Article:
Digital assets are a challenge
As a global asset servicer, Societe Generale Securities Services is called on to inter-vene on a number of fronts, including in technology. The B2B Magazin editorial team spoke to Laurent Marochini, Head of Innovation at Societe Generale Securities Services, about the challenges of digital assets and currencies, including regulatory issues.
Laurent Marochini, let’s start by talking about the digital transformation.
Yes, of course. The digital transformation is a necessity that companies are having to face in general, not only in the financial sector, but also in other sectors. Its goal is to increase client satisfaction through the development of more suitable products and to allow for rapid innovation, cost reductions, efficiency gains and data processing. Companies have to adopt digital transformation in order to remain competitive, but also to be able to gain share in emerging markets.
What corporate strategies do you see in the market in this context?
Financial institutions have the choice between "Build/Buy" and "Partnering" or a combination of the two. In order to move forward in this new world, some asset services providers have worked with Fintechs who in turn have attracted talents from the financial sector looking for business challenges. We are not talking about a struggle for talent here, but rather a further development of employee profiles focusing on soft skills and digital skills.
What do you think: Do we need more regulation in the field of digital assets?
Regulation is needed; in Europe it is already ongoing with the DLT pilot regime. For cryptocurrencies and stablecoins, the crucial MiCA - the "Markets in Crypto Assets" regulation – will enter into force by the end of 2024. Regulation and risk assessment are the key factors of success here.
What is the impact of the MiCA directive in the EU?
MiCA is very important because it gives us more clarity on how we are able to manage cryptocurrencies, utility coins, stablecoins, etc. It will eventually allow for the implementation of transformative projects. I firmly believe that regulation is a strong asset that will inspire confidence, especially in the investment segment. It is the key to the institutionalisation of cryptocurrencies and corresponding market participants.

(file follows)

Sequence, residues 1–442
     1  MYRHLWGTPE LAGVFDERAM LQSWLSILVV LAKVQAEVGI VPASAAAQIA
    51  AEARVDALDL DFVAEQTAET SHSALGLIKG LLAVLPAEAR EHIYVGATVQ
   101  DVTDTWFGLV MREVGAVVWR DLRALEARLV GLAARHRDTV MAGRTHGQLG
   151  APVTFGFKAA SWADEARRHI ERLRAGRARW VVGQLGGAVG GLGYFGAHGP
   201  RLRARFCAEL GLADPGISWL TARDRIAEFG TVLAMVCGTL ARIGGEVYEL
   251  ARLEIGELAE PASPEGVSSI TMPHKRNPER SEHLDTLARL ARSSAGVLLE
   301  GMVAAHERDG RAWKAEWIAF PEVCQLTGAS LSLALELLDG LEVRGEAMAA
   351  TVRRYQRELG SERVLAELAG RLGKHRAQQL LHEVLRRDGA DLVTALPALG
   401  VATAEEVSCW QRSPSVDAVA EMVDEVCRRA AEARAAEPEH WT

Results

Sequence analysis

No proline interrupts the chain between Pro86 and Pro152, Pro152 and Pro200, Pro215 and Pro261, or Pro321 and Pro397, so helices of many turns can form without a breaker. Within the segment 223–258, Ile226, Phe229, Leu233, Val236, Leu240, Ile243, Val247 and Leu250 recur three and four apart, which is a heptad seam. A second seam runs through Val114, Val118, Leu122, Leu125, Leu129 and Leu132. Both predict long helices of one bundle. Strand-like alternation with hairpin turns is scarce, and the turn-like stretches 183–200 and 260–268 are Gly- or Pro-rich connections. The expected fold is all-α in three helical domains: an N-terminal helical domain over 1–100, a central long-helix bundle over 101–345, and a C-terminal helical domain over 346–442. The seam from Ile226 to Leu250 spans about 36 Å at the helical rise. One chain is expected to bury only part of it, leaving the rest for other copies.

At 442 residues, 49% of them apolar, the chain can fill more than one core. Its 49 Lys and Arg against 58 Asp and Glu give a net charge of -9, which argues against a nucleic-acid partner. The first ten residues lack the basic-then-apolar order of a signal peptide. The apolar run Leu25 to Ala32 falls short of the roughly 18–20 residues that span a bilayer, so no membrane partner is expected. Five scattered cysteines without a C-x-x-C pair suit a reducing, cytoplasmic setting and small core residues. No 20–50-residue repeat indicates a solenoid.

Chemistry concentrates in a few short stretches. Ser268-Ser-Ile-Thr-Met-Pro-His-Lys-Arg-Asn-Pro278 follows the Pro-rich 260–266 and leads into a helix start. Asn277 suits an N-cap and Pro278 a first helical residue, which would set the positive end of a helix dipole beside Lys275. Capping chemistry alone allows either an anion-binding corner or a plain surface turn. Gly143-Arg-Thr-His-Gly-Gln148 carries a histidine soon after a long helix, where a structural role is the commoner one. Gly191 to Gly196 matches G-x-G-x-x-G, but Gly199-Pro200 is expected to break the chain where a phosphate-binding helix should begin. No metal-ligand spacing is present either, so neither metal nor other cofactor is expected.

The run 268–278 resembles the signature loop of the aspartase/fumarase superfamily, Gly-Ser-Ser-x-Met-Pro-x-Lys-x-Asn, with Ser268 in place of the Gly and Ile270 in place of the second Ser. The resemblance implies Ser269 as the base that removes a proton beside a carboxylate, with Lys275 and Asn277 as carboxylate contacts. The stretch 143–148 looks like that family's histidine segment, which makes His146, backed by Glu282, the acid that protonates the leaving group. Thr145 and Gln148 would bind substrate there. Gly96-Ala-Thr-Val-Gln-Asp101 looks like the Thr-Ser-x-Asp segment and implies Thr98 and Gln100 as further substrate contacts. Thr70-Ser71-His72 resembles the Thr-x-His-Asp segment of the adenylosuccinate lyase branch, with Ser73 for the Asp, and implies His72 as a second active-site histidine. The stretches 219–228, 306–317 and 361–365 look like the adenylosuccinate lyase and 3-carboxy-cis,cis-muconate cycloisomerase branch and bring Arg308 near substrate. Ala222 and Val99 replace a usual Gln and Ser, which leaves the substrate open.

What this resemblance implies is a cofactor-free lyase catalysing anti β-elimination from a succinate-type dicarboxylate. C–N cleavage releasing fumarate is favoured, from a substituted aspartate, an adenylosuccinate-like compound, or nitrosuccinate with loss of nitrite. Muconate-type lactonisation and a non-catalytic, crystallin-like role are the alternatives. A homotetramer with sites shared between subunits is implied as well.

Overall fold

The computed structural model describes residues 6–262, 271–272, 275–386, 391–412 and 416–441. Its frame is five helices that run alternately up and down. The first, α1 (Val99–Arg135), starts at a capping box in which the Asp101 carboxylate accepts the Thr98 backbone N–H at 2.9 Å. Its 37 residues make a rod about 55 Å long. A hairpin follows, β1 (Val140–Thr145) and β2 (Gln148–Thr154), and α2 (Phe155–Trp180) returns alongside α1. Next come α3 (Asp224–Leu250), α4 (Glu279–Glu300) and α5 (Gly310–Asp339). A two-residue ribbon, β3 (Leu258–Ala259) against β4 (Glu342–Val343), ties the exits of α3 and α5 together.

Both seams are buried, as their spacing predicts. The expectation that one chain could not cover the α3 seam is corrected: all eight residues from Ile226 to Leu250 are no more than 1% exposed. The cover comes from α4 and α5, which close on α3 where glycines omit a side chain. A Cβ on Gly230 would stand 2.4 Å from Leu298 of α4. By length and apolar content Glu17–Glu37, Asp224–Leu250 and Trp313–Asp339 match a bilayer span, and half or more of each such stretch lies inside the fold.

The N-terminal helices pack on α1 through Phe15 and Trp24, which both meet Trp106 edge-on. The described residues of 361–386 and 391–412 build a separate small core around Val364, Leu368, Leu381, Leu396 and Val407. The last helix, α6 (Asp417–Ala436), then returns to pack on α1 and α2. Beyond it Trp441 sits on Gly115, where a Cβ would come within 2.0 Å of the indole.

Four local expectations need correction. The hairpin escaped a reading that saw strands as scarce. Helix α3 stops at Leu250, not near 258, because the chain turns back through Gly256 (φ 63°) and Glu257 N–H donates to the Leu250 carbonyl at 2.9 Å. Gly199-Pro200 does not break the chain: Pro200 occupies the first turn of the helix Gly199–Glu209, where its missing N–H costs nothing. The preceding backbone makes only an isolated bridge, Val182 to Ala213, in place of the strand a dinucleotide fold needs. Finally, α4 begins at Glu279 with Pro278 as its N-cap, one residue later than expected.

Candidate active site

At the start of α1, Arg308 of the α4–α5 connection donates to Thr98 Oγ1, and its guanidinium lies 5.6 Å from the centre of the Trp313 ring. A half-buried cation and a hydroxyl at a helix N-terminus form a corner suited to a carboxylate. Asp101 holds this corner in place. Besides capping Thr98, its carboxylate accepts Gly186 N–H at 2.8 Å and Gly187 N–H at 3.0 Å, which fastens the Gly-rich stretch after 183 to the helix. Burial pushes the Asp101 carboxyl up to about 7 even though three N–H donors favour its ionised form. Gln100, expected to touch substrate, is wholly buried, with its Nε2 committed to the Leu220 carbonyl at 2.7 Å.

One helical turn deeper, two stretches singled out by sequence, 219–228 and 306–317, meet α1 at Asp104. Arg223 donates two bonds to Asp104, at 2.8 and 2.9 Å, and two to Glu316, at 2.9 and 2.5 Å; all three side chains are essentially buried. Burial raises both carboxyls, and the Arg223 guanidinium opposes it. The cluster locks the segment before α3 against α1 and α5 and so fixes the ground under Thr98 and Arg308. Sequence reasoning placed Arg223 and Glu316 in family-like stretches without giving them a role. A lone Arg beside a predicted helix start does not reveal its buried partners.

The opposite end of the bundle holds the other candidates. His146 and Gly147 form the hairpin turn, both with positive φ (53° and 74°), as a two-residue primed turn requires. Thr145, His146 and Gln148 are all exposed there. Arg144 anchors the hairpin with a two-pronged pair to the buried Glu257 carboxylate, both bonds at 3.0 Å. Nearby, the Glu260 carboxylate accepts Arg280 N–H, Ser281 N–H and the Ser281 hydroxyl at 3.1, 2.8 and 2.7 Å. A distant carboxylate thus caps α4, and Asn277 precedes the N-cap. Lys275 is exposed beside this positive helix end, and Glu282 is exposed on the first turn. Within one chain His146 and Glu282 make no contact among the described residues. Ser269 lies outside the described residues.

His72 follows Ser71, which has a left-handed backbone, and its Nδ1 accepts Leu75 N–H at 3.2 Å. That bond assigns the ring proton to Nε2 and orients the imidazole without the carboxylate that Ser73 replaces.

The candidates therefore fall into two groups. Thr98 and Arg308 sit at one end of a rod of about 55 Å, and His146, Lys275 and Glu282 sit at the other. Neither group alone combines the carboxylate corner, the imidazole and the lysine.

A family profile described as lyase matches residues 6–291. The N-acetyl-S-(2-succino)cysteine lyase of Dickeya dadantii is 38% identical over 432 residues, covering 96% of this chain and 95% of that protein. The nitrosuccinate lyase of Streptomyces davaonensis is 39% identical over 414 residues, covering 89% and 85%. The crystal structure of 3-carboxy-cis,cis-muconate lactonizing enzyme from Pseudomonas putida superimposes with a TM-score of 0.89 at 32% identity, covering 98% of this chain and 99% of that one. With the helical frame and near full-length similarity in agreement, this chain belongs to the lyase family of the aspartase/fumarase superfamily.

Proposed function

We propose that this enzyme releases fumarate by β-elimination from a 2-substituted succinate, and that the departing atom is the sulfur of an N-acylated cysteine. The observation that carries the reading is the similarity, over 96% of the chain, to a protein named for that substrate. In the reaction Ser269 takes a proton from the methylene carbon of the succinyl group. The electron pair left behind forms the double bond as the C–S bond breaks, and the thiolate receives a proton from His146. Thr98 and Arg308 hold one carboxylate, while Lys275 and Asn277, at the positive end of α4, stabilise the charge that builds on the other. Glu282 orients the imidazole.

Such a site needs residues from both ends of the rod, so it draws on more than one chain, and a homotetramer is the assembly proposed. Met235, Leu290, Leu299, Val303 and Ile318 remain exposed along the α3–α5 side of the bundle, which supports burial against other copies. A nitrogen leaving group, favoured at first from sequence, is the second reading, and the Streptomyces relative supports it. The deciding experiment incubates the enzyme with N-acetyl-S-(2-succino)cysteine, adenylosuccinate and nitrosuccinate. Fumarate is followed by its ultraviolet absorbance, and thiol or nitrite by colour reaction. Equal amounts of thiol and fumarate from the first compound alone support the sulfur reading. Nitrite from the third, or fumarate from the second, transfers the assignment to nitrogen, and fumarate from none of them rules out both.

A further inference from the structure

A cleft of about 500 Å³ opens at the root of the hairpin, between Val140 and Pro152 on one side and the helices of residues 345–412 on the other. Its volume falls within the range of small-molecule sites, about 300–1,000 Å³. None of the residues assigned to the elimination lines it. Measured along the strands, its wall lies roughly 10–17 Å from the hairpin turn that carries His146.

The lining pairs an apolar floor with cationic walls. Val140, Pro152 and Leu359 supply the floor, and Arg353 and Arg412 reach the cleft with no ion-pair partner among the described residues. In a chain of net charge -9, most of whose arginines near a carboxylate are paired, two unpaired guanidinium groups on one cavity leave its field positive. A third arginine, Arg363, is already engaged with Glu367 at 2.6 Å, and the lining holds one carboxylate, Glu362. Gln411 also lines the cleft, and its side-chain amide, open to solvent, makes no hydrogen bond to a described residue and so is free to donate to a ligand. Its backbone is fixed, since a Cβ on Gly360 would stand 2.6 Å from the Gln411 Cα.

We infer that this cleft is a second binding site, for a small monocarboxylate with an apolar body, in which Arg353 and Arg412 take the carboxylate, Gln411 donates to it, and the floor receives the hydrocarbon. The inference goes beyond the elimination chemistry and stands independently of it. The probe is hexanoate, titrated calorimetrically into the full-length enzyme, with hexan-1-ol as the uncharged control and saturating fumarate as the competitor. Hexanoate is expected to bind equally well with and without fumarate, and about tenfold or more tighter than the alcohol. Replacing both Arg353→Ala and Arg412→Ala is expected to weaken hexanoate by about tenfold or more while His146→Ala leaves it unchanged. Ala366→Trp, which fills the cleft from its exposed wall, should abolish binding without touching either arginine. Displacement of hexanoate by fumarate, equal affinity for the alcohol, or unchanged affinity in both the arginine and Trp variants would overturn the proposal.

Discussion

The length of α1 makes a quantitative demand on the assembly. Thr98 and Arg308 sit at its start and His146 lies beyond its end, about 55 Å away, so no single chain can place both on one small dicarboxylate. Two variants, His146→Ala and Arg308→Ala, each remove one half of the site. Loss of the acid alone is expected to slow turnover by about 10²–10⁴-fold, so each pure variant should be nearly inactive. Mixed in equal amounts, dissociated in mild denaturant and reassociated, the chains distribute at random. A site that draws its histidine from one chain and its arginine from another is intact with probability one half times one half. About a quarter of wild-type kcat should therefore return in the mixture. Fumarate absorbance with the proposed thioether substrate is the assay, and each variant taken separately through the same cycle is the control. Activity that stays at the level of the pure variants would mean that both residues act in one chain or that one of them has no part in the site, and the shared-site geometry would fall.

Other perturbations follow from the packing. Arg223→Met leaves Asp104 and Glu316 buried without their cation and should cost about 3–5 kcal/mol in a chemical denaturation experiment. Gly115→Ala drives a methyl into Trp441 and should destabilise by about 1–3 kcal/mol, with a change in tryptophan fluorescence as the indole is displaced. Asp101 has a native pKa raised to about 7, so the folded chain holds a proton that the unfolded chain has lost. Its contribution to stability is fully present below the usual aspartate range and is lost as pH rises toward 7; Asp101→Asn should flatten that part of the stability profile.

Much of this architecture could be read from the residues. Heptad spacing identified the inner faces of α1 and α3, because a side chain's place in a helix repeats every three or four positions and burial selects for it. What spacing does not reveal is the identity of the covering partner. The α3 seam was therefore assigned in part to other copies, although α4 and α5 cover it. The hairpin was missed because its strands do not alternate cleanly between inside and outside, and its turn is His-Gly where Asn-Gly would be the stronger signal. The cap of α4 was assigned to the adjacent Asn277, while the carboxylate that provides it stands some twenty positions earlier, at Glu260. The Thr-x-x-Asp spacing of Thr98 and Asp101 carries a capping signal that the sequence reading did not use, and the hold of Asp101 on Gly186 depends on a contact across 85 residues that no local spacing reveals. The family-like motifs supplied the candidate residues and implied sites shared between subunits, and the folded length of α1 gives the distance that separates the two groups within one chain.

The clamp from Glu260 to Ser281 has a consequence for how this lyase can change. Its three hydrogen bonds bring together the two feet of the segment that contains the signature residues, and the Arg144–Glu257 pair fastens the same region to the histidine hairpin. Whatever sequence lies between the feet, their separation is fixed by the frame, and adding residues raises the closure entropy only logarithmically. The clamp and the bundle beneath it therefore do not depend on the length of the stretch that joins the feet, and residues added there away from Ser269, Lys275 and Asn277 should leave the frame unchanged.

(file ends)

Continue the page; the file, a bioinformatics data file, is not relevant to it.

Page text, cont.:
What are the advantages provided by digital assets that institutional investors don't find in other asset classes?
In the world of tokenisation of financial assets, we can see that we need a more industrialised process to validate all the benefits. The first benefit of the tokenisation of financial assets is to reduce costs when issuing and certifying transactions using so-called "smart contracts", and also the speed of transactions.
Very often you hear the statement "We'll transform this illiquid asset into a liquid one".
Indeed, the fact of materialising an asset in a blockchain allows to fractionalise the shares. Instead of buying an apartment, one can buy 2% of the asset. The fractionalisation of assets gives access to investment to a greater number of investors, which allows to make it more liquid. Real estate is a very good example.
A great deal has been written about blockchains. Let’s leave the energy question (Proof of Work versus Proof of Stake) to one side for the moment. What do you see as being the positive aspects of cryptocurrencies?
In a world where more than a billion1 people do not have bank accounts, cryptocurrencies can be a solution to integrate them into payment channels. As transactions are automated and cost-effective, they contribute to microfinance. This could be a game changer in certain emerging markets.
Do you see any risks in building up the infrastructure?
We should avoid building an old world in a new world and making the same mistakes we've made in the past when different, incompatible infrastructures were developed alongside one another. We must collectively work on standards with simplicity, safety and efficiency as key words.
Let's talk about the current situation as we finish. Your company recently launched the first cryptocurrency fund in France.
Societe Generale Securities Services helped Arquant Capital to launch the first regulated crypto fund in September 2022. Given the nature of the risks, cyber security programs are going to be fundamental. It's therefore beneficial to choose an ecosystem of partners that are supervised by local regulators in controlled legislations. The risk management and expertise of the teams are the basic prerequisites for approval.
Finally, let's take a quick look into the future. What important developments do you see happening over the next 1-2 years?
I firmly believe that the tokenisation of financial assets as well as real assets will bring a lot of value. Take the example of a car: If you want to drive it, you need fuel or energy. If you want to use blockchain and leverage on tokenisation, you need a money-on-chain solution, where adoption is driven by a wholesale CBDC - a central bank digital currency exclusively available to commercial banks and other financial institutions such as insurers. Taking a more futuristic perspective, some funds also see the Metaverse as a solution for developing asset management and keeping up with the social revolution. With more than 3.2 billion gamers2 worldwide, it's hard to ignore this phenomenon, even if we're only at the beginning of the story today...
Laurent Marochini, Head of Innovation, Societe Generale Securities Services Luxembourg